Page:Popular Science Monthly Volume 20.djvu/697

From Wikisource
Jump to navigation Jump to search
This page has been proofread, but needs to be validated.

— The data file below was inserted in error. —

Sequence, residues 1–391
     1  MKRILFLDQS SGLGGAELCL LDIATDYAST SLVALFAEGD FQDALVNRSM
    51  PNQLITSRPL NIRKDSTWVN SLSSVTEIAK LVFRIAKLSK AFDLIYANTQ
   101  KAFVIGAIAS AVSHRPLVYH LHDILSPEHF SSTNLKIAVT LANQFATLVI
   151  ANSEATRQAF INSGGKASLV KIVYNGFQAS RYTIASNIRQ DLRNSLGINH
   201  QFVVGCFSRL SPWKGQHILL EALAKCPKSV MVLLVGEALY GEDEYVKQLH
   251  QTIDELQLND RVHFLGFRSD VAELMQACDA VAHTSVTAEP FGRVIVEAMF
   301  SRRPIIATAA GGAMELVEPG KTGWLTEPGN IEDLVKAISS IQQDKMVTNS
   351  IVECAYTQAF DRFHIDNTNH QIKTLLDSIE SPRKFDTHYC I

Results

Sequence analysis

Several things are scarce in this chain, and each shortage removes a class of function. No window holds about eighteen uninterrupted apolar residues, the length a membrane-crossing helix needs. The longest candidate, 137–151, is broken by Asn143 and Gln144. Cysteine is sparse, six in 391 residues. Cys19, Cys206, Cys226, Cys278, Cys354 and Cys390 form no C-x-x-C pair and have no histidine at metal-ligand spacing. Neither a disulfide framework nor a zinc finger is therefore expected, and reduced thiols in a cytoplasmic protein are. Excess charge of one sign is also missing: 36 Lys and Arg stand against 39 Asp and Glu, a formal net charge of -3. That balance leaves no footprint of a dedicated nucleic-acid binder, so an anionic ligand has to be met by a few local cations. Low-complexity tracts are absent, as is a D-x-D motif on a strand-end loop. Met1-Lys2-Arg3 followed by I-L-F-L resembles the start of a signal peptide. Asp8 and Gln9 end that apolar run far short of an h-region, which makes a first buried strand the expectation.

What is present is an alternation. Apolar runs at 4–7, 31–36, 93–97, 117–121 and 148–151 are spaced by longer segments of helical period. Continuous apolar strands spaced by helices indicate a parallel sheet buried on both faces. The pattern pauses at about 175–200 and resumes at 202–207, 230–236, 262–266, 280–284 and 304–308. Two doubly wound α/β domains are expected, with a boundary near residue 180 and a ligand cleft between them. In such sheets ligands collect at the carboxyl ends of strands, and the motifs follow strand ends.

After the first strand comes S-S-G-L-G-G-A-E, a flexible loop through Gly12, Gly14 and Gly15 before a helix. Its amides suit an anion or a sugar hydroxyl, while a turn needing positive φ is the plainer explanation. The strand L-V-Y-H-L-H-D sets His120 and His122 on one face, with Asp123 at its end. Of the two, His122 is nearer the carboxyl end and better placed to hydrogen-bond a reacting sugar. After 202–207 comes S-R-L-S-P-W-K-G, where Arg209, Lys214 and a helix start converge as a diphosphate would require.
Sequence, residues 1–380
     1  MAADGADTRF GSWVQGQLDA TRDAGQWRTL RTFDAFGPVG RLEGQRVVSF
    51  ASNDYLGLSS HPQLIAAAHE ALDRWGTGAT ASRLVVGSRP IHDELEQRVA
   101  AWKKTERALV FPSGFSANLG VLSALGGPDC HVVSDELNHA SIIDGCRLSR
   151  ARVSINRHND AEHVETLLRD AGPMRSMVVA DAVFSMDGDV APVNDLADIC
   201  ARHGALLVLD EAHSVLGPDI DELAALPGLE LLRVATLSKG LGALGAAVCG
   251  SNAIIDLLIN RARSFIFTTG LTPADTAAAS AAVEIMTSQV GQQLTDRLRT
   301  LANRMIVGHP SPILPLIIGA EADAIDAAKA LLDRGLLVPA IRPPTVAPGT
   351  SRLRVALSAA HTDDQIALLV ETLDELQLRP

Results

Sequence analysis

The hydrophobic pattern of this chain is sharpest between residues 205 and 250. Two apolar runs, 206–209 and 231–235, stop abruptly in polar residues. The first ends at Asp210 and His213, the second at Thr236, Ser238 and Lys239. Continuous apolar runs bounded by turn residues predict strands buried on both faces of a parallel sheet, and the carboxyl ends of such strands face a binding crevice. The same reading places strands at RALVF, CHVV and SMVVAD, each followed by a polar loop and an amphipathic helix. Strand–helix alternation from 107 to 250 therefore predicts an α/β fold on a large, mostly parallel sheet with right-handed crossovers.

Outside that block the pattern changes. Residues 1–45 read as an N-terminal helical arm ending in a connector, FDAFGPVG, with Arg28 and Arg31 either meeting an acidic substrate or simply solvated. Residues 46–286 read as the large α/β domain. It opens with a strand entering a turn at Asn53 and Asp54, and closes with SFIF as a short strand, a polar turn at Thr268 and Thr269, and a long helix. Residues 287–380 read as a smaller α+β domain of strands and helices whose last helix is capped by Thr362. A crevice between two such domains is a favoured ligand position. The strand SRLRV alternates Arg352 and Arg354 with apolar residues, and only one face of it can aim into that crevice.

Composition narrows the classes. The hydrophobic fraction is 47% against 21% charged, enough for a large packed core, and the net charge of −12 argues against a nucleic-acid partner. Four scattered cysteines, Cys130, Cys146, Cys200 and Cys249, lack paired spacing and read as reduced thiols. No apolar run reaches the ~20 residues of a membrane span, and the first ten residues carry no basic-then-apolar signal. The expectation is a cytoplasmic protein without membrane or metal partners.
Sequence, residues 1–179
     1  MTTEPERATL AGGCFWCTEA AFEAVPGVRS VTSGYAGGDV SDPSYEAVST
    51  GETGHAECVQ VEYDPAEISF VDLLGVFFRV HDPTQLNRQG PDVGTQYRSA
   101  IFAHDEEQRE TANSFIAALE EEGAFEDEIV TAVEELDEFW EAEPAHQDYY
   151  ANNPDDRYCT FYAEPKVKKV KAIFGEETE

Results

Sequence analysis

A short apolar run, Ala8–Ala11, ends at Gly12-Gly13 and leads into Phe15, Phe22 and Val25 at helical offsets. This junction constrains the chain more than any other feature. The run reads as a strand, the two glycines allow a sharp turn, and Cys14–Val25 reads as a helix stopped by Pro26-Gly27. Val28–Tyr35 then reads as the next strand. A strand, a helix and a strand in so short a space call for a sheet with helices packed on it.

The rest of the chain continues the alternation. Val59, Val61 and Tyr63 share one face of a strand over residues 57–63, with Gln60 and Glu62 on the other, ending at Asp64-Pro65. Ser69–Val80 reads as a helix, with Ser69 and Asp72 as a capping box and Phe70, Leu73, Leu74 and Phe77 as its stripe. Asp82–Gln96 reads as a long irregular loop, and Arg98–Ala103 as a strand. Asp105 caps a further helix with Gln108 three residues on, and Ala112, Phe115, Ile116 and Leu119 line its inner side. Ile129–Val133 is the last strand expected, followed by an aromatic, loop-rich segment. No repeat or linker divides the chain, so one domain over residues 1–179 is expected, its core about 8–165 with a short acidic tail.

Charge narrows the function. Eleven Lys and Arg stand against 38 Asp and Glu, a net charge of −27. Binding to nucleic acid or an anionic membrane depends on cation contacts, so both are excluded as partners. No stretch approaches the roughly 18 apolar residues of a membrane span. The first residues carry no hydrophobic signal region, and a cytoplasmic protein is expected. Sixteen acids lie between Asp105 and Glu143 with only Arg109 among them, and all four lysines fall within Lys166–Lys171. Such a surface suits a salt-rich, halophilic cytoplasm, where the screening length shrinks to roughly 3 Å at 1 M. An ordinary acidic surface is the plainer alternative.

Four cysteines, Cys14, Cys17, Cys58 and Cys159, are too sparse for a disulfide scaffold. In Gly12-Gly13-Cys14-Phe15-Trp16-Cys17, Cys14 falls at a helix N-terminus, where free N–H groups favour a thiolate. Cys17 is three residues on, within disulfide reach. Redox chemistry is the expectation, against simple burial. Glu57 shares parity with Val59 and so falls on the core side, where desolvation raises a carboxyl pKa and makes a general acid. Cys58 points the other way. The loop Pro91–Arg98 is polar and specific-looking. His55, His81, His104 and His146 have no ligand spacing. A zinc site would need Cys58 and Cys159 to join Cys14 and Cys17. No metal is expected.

house I happened to be, she put her little instrument to "messenger," sent the current by pulling clown the spring, and in two minutes a messenger was at the door waiting to convey my message to the telegraph-office. Time passes terribly quick, and my energy is gradually disappearing, so that I shall have to pass over some of the things I wanted to show you, such as the process of engraving by the electromagnetic system; how toys were moved, boats made to swim about, and birds to sing. At the recent Paris Exhibition, the varied applications of electricity were simply wonderful and amusing. I have no doubt we shall have a great many of them exhibited, shortly, at the Crystal Palace, where I hope some of you may be able to go before your return to school. I will now show you how this system of producing electro-magnetism can be utilized for telegraphic purposes. On the table are fixed two complete sets of telegraph-instruments, very close to each other, but the set on the right hand belongs to one station, and that on the left hand to another station. You may fancy that the instrument which I touch, on the left, is in London, and that which Mr. Cordeaux touches, on the right, is in Liverpool. For every current of electricity I send from London, I do a little work in Liverpool, and that results in motion, producing sound. The mere depression of my "key" produces electro-magnetism in Liverpool, which attracts a piece of iron and produces a sound. [Illustrated by working the instrument.] The battery attached to my key is in London, and the depression of my key sends on a current which arrives at Liverpool, produces magnetism and sound. By depressing the key rapidly or slowly the sounds may be made correspondingly short or long. [Illustrated.] By an arrangement of dots and dashes, the letters of the alphabet are represented, and experienced clerks can read off the sounds and translate them with astonishing rapidity. To illustrate this to you, I will ask your secretary to write down a short sentence, unknown to my assistants, which shall be sent by one of them, Mr. Cordeaux, on one instrument (supposed to be in Liverpool), and read off by Mr. Cooper on the other instrument (supposed to be in London). [The secretary then handed in a slip of paper to Mr. Preece, and the message it contained was read off by Mr. Cooper, "A merry Christmas to the juveniles."] That is the operation of telegraphy. The sounds are read off as clearly as ordinary spoken language, though mistakes are sometimes made. For instance, a party of young school-girls, out for an excursion once, wished to advise their schoolmistress of their safe arrival at a certain point, and sent the message, "Arrived all right"; but the schoolmistress was horror-stricken to read the message as delivered to her, which read "Arrived all tight." Telegraphically, the difference between the two messages is not great, for the letter R is represented by two dots and a dash, while T is represented by a dash. Another error in transmission was where a message, "Five fathoms and four feet is ample